Friday, September 8, 2023

Real Estate: General Contractor, Driving, Bait Sales

By Warren O’Shea

At first glance, the title may seem strange but not for the reason you think. While it reads like a sentence, it is not intended to be. The title is actually a list of possible answers to a multiple-choice question, the question being:

Maine requires a license for which two?

Surprisingly enough, Maine requires you to have a license to drive a car and sell bait, but not to be a general contractor. Now, I know all of you bait buyers are breathing a collective sigh of relief knowing that the live or dead fish you're buying is regulated by our great state, but a large portion of Maine homeowners are in disbelief that general contractors are not required to be licensed.

There are some specific trades that do require licenses like plumbers and electricians, but not GC’s. What Maine does have is the “Home Construction Warning” on the Maine Attorney General’s Consumer Information page. It requires GC’s to attach the AG’S construction warning to every contract and any project valued at $3000 or more requires a contract. It also states that the GC cannot receive more than one third of the contract price as payment upfront. A fun note about the AG’s Consumer Information page is that it also lists the contractors that the state has sued.

In my recollection, it lists the same 9 GC’s since the page’s creation in 2014. Terrific! Fantastic! It must be working! No new lawsuits. There must be no more bad GC’s out there.

Think again.

The full Maine Attorney General info page can be found here.

So how did we get stuck here? Homeowners continue to get ripped off, Outraged citizens call for the state to require licensing yet nothing happens. The AG’s office has received more than 3,300 complaints since 2018 with consumer losses totaling an estimated $12 million. In the last 15 years, seven bills have been proposed, all of them failed.

The Mills administration testified against the most recent bill as well as the Maine Policy Institute, the Maine Association of Realtors, and the Associated Builders and Contractors of Maine. The head of the Department of Professional and Financial Regulation claimed it was unclear which problem the bill sought to correct.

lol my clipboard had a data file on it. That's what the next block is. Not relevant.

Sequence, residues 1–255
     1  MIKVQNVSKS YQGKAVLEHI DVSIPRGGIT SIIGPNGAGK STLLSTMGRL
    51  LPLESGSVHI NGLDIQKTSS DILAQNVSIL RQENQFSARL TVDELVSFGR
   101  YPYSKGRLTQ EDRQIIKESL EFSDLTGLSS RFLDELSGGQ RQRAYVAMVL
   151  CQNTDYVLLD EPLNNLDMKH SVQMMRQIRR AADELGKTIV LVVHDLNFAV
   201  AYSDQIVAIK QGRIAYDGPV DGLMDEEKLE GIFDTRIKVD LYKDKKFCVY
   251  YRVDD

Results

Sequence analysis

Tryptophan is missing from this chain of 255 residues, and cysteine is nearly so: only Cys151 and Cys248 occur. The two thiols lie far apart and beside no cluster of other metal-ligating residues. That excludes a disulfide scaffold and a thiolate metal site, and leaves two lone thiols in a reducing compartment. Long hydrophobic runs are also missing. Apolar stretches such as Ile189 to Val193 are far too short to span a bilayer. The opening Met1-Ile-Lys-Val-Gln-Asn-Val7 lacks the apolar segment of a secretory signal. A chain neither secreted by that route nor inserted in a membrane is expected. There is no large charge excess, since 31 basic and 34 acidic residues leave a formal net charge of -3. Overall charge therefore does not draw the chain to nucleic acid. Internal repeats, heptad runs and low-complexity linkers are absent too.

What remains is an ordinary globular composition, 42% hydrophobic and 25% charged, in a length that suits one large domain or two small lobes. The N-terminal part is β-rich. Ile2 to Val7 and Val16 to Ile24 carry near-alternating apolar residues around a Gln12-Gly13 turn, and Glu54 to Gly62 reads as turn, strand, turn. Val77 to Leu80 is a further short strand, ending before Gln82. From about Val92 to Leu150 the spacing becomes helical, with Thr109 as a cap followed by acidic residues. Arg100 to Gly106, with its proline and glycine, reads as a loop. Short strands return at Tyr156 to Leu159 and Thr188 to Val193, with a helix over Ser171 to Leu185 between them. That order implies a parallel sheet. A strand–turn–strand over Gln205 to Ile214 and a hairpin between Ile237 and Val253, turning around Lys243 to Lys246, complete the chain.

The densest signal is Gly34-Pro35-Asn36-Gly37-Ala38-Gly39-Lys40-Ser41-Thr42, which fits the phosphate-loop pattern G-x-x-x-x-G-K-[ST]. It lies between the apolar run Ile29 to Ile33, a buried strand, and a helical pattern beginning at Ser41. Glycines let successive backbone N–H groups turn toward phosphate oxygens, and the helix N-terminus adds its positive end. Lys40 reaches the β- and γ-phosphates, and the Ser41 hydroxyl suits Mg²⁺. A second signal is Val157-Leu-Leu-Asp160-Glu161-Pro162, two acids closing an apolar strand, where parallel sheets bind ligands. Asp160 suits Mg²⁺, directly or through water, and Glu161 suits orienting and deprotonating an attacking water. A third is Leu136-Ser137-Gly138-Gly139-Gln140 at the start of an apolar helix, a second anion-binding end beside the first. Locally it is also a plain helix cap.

The passing of a contractor bill is likely a combined factor of timing, and clarifying what the intention of the bills are. We have had a housing shortage for years, very old homes, and the oldest median age in the country. The state has also passed measures to encourage more residential construction projects, putting pressure on both consumers and contractors to keep up with demand, and demand is at an all-time high.

If the bill was written to address shoddy workmanship, there are no tests in place to qualify skill level. You can roll out of bed one day and decide that you are a “Master Carpenter” with no course to take and pass, no assessment of ability, no certification to hang on the office wall. Unskilled workers will not suddenly become skilled via licensure. Currently, home inspectors are not required to be licensed either, but in order to be recognized by national organizations such as the American Society of Home Inspectors (ASHI), you must be certified and keep abreast of code by earning 20 ASHI approved Continuing Education credits (CE’s) annually.

If the bill was to address fraudulent business practices, it didn't give any more power to the Attorney General's office to enforce its current laws, and listing the bad guys on their website doesn't seem to be much of a deterrent.

I’m confident that in time we will have a licensure system that may be a hybrid of what other states are doing but it will never be a magic potion that will cure all ills. Most reputable GC’s welcome licensure and regulation, but some will inevitably push back on any new regulation, citing that it will take more time and cost more money than continuing on with the status quo. It is likely to get worse before it gets better.

In the meantime, consult three different GC’s for your project, always get a signed contract, and contact your state representative to keep pressure on the state to act. At least you can drive to get your bait with the confidence that the state has your back. < 

"Warren O'Shea is the owner of O’Shea Builders LLC, Maine’s most award-winning remodeling contractor. He has 35+ years of residential remodeling experience. He is a certified home inspector and has been featured on HGTV, Food Network, and Maine Cabin Masters. He is a recipient of the Portland Police Department’s “Citizen Award”, and is a staunch consumer advocate. Warren has, and continues to, co-author articles for nationally distributed trade magazines."

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